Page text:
Steven Pinker is a Johnstone Family Professor in the Department of Psychology at Harvard University. He conducts research on language and cognition, writes for publications such as the New York Times, Time and The Atlantic, and is the author of ten books, including The Language Instinct, How the Mind Works, The Blank Slate, The Stuff of Thought, The Better Angels of Our Nature, and most recently, The Sense of Style: The Thinking Person’s Guide to Writing in the 21st Century.
Interviews with Steven Pinker
Our TV screens may be full of news about war and crime, but this masks a fall in historical terms in the number of violent deaths that’s nothing short of astonishing, says Harvard psychologist Steven Pinker. He tells us how and why this happened.
Interviews where books by Steven Pinker were recommended
It’s hard to understand many things about the world around us without a knowledge of the unconscious workings of the brain, argues the New York Times columnist David Brooks. He chooses five accessible books that’ll get you into neuroscience as well.
Does the world look different in other languages? Are there words that cannot be translated? Is it OK to say disinterested when you mean uninterested? Lane Greene, who writes the Economist’s “Johnson” column on language, dispels some of the popular but misguided ideas many of us have about language.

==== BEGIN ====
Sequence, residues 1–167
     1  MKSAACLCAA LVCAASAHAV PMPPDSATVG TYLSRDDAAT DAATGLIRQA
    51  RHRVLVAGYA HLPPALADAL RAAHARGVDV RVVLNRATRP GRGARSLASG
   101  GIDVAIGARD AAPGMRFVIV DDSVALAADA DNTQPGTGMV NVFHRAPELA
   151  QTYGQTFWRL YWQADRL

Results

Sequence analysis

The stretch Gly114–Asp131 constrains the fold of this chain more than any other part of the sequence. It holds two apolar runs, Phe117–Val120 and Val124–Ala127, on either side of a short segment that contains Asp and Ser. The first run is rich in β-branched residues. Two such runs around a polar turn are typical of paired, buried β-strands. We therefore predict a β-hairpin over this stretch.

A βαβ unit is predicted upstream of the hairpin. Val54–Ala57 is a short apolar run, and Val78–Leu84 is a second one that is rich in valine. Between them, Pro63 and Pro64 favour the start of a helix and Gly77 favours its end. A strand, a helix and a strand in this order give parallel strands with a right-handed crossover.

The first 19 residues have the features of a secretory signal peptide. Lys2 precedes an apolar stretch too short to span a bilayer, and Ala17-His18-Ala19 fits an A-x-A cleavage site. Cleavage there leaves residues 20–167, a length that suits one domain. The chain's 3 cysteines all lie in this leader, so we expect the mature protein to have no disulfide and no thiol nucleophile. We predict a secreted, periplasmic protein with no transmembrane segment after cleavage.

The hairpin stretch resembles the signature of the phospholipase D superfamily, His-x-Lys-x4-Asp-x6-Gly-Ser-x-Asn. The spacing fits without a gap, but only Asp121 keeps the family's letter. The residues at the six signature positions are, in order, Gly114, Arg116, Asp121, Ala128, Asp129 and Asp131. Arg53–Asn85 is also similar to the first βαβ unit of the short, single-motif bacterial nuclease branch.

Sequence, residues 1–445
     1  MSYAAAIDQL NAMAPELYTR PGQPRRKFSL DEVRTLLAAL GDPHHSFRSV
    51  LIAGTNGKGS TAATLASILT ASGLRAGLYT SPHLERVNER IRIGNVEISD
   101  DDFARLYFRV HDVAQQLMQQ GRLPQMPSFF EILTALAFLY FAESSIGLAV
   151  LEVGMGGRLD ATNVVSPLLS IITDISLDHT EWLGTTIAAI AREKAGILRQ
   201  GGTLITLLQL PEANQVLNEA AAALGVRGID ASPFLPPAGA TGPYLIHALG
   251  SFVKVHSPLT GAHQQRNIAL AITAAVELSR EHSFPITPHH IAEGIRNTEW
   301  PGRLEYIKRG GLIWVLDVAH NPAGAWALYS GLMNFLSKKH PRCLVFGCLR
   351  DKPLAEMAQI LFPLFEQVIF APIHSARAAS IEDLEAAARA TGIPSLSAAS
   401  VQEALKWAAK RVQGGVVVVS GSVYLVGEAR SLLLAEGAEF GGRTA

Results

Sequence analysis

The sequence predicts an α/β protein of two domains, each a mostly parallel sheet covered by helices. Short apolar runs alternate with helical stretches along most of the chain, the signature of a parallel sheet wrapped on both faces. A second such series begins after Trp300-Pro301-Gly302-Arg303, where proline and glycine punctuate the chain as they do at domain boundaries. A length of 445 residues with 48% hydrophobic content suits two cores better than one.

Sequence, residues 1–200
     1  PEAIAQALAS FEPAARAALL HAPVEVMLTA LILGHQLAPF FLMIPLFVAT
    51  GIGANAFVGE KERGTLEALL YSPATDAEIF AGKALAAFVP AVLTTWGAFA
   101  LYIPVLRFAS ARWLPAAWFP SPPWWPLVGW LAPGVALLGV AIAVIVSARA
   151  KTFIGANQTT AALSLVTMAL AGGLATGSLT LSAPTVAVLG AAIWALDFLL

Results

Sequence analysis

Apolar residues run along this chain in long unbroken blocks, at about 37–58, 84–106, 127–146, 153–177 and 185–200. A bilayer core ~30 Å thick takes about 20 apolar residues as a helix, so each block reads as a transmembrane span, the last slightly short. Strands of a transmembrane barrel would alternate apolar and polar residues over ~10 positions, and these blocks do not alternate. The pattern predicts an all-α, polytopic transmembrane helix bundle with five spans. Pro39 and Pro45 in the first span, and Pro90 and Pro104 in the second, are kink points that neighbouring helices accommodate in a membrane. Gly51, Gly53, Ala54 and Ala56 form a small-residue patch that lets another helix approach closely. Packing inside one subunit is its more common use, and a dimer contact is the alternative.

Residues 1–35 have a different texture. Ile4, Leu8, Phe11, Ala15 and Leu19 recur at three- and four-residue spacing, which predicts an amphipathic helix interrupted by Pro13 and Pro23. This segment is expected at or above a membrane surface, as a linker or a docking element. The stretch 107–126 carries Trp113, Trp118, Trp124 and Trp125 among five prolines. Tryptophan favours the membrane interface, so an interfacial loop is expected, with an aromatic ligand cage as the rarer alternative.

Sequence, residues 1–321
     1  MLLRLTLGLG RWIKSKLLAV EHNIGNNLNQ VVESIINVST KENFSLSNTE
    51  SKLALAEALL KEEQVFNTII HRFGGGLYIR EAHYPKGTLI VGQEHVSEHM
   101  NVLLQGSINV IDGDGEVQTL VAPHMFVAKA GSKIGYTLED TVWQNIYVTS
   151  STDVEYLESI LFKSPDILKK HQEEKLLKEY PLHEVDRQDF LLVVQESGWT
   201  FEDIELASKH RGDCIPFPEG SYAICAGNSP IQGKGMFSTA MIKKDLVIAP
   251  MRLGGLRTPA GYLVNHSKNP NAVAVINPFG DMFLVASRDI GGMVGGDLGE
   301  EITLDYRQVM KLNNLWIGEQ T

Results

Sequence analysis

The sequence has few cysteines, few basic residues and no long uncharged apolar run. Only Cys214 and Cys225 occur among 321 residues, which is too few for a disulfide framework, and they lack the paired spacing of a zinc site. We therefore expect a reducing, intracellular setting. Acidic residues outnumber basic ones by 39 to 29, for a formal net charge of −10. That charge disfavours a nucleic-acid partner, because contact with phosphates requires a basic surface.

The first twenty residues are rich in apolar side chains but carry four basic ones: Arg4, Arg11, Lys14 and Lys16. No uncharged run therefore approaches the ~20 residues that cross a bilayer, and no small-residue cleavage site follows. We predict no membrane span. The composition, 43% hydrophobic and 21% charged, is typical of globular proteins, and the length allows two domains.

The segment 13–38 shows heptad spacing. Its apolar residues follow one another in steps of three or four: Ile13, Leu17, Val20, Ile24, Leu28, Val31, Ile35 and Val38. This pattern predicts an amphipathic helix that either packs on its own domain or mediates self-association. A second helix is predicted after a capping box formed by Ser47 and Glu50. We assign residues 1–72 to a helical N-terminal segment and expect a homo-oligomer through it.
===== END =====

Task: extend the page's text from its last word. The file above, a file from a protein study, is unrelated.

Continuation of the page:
Nigger: The Strange Career of a Troublesome Word
by Randall Kennedy
Swearing: A Social History of Foul Language, Oaths and Profanity in English
by Geoffrey Hughes
What the F: What Swearing Reveals about Our Language, Our Brains, and Ourselves
by Benjamin K Bergen
The Stuff of Thought: Language as a Window into Human Nature
by Steven Pinker
by Jesse Sheidlower
Linguistically, swear words are unique—they can shock and offend, are processed differently in the brain, and saying them may allow you to withstand pain for longer. But where do they get their distinctive power? And how has this changed over time? Melissa Mohr gives us a badmouthed tour of the best fucking books on swearing . . .
Modern society depends on trust more than we realise, and the basis for that trust is security. The trick, says the security guru, is preserving the forces that allow us to trust one another, while also knowing who not to trust.
Most grammar books say 'do this, and that's that.' But who says? How do they know? Real rules are grounded in the facts of actual standard usage. Here are five grammar books that show their work, telling you not only what to do but why, and how they know. Accept nothing less.